Hey Kevin, is there any concern about Myers's uptick in K-rate and drop in BB-rate? Or is that just a product of him swinging more because he's killing the ball?

May 07, 2012 07:31 AM
rating: 0

Seems like Myers had been accused of being borderline too passive in the past. Maybe those rate changes are a net positive?

May 07, 2012 10:20 AM
rating: 0
BP staff member Kevin Goldstein
BP staff

Not really. Certainly not while he's hitting like this. This may sound counter-intuitive, but higher walk rates are not ALWAYS good, and lower walk rates are not ALWAYS bad.

May 07, 2012 10:47 AM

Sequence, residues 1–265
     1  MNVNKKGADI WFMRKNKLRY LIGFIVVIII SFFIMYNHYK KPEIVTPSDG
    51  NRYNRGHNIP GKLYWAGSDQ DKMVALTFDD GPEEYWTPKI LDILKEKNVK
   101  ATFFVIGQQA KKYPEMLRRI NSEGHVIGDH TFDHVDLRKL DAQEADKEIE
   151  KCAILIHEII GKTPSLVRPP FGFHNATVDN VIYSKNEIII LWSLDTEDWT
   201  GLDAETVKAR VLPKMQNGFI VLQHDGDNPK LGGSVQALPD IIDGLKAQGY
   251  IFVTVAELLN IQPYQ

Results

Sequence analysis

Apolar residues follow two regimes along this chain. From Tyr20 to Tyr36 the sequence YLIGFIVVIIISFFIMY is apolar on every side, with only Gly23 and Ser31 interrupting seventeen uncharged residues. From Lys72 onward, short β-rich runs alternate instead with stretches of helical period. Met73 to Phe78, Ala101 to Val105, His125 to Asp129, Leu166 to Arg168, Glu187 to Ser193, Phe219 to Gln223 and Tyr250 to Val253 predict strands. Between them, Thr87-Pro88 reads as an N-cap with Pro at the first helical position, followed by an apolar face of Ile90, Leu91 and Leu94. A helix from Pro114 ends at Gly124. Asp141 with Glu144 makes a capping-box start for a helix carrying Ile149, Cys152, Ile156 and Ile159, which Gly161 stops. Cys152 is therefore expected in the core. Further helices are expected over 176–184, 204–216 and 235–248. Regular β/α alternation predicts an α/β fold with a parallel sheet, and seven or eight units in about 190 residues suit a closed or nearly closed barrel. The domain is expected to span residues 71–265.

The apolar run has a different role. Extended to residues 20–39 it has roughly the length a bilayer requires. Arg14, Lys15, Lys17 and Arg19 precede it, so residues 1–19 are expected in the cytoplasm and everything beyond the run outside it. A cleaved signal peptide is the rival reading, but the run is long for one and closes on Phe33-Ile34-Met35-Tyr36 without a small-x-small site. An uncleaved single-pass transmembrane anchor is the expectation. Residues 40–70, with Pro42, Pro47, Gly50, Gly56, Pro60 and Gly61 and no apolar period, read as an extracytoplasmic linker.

See Aaron Hicks

May 07, 2012 13:43 PM
rating: 1

or Jaff Decker

May 07, 2012 14:19 PM
rating: 2

How does Hechavarria compare to Iglesias at this exact moment? I know it's Vegas, but does 261 PAs of .333/.383/.479 in AAA put Adeiny ahead right now? Or is Iglesias' defense that good?

May 07, 2012 14:02 PM
rating: 1
BP staff member Kevin Goldstein
BP staff

I think Adieny is ahead. He's a fantastic defender who has definitely improved w/ the bat.

May 07, 2012 14:34 PM

Can Sketchy Hechy be a starting shortstop in the majors? Has the bat improved that much?

May 07, 2012 16:03 PM
rating: 0